Everyone he knew except his father had giving up on the resistance, so he logically thought his father was crazy. For me, this illustrated the importance of standing up for what’s right and letting the younger generations know what we believe. Many of his family members did not express their opinions because of their unpopularity.

One of my favorite quotes of the book, copied below, shows the importance of learned opinions. (It also illustrates some the great writing in this book):

Lindbergh was the first famous living American whom I learned to hate—just as President Roosevelt was the first famous living American whom I was taught to love—and so his nomination by the Republicans to run against Roosevelt in 1940 assaulted, as nothing ever had before, that huge endowment of personal security that I had taken for granted as an American child of American parents in an American school in an American city in an America at peace with the world.

  1. Donald Trump winning the presidency may not have been that hard to predict.

It is often cited that Donald Trump fooled all the pollsters. That he was sporadic, no one knew what he would do next, and that he often spoke unscripted. Well you know what? So did Lindberg in The Plot Against America (Published in 2005, and probably thought up and written long before that). It didn’t take a rocket scientist to figure it out, just a writer outside of the typical political spheres.


Quick Rundown—

Things I liked:

  • The point of view of the narrator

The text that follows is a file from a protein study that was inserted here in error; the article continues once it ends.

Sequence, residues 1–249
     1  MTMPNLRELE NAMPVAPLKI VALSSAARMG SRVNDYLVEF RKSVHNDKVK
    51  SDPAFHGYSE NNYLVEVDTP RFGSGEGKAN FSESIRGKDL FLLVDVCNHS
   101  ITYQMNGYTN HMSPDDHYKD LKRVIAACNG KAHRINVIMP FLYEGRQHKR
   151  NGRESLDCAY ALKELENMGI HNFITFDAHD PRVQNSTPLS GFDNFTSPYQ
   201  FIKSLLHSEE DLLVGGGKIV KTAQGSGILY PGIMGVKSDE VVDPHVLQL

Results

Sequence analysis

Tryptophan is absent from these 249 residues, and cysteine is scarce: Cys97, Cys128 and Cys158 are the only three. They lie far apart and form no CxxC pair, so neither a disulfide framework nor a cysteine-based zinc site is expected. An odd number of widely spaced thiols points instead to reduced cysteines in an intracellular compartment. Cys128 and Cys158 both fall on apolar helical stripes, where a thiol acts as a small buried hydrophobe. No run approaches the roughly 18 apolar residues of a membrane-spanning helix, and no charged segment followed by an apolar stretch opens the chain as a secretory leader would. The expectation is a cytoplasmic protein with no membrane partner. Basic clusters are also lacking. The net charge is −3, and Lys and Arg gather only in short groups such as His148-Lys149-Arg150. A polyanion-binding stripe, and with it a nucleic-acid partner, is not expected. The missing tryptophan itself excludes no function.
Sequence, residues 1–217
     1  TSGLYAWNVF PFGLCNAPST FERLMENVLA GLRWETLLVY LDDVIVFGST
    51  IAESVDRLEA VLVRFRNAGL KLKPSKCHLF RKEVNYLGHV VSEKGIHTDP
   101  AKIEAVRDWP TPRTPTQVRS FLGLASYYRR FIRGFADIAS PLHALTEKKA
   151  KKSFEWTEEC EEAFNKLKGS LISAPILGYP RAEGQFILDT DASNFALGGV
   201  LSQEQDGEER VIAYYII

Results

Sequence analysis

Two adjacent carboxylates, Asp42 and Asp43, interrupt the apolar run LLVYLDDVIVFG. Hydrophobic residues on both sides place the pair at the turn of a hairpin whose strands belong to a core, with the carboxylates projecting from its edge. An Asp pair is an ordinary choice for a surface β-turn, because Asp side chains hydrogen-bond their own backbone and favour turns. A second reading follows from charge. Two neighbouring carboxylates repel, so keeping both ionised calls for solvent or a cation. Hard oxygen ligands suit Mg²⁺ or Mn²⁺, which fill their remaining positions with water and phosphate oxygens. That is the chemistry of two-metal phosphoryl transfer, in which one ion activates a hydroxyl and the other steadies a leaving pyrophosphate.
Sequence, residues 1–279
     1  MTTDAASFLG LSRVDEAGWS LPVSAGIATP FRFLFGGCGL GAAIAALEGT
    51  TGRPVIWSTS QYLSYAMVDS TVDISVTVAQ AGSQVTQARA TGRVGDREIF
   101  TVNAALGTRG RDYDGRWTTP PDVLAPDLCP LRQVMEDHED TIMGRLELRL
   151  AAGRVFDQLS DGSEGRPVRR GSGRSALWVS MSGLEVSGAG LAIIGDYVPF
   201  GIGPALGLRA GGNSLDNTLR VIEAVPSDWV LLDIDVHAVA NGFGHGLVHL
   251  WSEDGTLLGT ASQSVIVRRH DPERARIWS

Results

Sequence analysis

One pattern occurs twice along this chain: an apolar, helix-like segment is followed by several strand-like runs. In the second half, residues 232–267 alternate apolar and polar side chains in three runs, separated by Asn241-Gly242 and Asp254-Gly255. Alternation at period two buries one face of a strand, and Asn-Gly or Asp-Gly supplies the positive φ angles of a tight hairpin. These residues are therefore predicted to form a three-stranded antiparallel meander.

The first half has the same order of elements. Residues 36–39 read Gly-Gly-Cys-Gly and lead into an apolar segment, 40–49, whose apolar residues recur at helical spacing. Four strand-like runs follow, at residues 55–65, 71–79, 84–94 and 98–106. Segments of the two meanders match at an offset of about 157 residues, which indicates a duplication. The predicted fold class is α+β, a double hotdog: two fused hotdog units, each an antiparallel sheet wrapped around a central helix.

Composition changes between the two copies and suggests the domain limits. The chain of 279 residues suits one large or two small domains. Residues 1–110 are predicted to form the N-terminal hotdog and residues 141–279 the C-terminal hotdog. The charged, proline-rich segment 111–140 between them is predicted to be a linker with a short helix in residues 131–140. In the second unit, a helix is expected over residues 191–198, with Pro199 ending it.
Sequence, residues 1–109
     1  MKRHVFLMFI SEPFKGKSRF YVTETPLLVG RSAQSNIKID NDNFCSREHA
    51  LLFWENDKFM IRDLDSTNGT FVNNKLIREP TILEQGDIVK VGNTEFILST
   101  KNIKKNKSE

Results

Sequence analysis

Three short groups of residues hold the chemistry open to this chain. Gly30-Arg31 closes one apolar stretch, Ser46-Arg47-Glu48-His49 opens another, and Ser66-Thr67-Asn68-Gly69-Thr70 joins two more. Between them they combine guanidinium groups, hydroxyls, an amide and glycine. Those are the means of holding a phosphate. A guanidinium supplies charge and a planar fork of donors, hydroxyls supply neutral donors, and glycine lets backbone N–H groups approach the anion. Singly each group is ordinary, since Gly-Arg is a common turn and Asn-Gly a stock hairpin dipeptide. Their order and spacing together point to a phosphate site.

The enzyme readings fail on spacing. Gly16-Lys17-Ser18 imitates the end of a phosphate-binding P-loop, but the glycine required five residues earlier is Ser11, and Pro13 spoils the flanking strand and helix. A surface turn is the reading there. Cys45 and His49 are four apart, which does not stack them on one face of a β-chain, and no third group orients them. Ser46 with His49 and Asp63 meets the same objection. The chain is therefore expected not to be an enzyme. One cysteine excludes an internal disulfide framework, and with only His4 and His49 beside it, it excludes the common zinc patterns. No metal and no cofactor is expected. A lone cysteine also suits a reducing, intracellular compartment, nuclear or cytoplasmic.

• Seldon, the neighbor who lived in a flat below the main family, was such a sweetheart and I had so much sympathy for him. I love when a book can provide this good character development of a seemingly small side-character. BEST SUPPORTING ACTOR (sorry the Oscars were last night…)
  • How accurate Roth got with the description of caring for the leg. I felt like I learned a lot about what it would be like to be or to care for an amputee. It’s not just learn how to use the prosthetic and you’re on your way, but it’s a lifelong battle of care and rest. I was definitely taken aback by the long struggle Alvin had ahead of him.

Things I didn’t like:

  • *SPOILER ALLERT* – How easily President Lindbergh’s compromising actions were resolved. In the end, it all boiled down to the kidnapping of Lindbergh’s son (that happened in real life) being a hoax. The book conspires that the Nazi’s kidnapped the son and that  Lindberg ended up being in Hilter’s pocket through bribery.
  • The speed- This book was a slow one for me. I had to push myself to get through the second half. It  wasn’t very plot driven – more of a study in ideology – so I think it was missing some action or suspense to keep the plot moving.

Final Quote:

This one is said by a Fictional FDR at a rally after Lindbergh is elected president. I thought Roth did a great job capturing FDR’s voice even in this fictional portrayal.

“Let those who would dare in secret to conspire against our freedom understand that Americans will not, under any threat or in the face of any danger, surrender the guarantees of liberty framed for us by our forefathers in the Constitution of the United States.”